Part of Darla's Bliss Out series, Anadromous finds Mirza mostly pursuing longer efforts, totaling four songs over 40 minutes. Though there are instances here of the group's excellence at mind-melting guitar overload, the quartet finds a generally calmer course here, drawing out the more restrained side of their earlier work to find a new context. The opening track, "Dream of the Fossil Sea," shows how this works well; as everything begins to intensify almost 11 minutes in, it still never quite explodes, with a bit of feedback crumble around the sides left as a hint of what might have been. As always the emphasis is on instrumental work with all vocals absent, with a particular focus on live exploration -- one can almost sense the bandmembers testing each other softly with their contributions, finding new ways and new melodies to work with. "Bless This Gathering" finds Mirza at their most overtly rocking for the album, though not quite as totally crazed as some earlier efforts. It's still quite fine, though, getting more and more tightly wound and freaked out until it collapses into a fuzzed-out blast of chaotic static and a series of low drones. "These Are Our Last Days" keeps some of that intensity but carefully underplays it with subtlety, whether from the nagging piano key in the background or the guitar crumble into charging riff that still sounds like it was recorded from one room over. "Aphasia" ends up having the best start of the songs, with almost gong-like percussion and dark, murky loops mixing with very random vocal samples from heaven knows what source. From there the band turns it into a beautiful but still unsettling dream of a track, taking a steady and slow head-nod pace, though in a nice twist from convention the song itself ends at under the five-minute mark rather than well over it.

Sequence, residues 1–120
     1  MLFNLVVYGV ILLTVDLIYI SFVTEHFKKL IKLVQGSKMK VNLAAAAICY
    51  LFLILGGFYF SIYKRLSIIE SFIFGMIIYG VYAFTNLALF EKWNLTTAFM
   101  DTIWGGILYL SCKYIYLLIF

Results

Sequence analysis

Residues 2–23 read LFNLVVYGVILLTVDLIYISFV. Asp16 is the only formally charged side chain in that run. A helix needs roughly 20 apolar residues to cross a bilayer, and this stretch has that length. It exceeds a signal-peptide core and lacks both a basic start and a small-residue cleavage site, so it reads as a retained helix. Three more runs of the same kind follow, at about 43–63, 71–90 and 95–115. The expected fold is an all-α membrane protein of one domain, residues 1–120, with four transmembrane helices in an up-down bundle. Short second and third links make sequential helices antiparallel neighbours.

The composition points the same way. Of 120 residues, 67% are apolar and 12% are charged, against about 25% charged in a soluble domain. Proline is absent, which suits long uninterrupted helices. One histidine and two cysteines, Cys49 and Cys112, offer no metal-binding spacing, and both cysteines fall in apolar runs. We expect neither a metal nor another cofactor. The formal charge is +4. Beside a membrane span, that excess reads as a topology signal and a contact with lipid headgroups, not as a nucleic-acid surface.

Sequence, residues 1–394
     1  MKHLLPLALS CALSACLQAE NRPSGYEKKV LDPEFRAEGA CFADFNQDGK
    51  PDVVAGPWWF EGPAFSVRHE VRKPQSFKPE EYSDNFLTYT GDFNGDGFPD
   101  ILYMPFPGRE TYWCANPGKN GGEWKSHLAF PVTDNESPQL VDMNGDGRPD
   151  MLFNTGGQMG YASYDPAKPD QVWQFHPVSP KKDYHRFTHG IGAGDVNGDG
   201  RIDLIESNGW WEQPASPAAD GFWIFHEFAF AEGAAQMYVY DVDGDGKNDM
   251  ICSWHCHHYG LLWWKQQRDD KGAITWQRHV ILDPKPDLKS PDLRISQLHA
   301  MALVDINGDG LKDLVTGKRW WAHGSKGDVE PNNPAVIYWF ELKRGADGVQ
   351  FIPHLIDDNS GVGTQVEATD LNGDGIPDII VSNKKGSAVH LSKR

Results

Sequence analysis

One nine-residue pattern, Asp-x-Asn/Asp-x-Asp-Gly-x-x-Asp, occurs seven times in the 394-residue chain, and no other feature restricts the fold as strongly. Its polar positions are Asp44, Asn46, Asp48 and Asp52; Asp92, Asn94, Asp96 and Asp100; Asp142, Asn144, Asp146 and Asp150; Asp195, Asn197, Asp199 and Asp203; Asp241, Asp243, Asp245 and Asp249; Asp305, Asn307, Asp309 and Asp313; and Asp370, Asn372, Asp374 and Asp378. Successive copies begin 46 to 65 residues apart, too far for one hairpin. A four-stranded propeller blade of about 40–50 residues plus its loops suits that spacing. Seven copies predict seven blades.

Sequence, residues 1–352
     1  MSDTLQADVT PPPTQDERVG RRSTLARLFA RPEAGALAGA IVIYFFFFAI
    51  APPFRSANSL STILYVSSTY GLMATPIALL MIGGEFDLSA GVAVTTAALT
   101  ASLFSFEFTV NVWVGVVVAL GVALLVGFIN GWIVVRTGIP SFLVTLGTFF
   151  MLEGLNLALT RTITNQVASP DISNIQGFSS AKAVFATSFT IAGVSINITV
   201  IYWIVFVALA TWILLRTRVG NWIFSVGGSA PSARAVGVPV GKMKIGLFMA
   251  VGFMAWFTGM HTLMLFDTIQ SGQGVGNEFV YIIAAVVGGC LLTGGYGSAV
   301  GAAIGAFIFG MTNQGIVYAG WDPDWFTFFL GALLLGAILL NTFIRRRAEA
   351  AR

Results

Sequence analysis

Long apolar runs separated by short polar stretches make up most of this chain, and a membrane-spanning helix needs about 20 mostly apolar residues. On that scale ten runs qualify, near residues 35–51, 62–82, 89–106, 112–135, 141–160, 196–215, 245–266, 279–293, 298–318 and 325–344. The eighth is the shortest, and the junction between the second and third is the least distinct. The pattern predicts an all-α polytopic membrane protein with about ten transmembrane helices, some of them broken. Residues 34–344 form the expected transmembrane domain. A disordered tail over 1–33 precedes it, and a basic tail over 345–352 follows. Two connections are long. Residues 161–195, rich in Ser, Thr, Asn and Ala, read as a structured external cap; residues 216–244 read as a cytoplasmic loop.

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AllMusic Review by Ned Raggett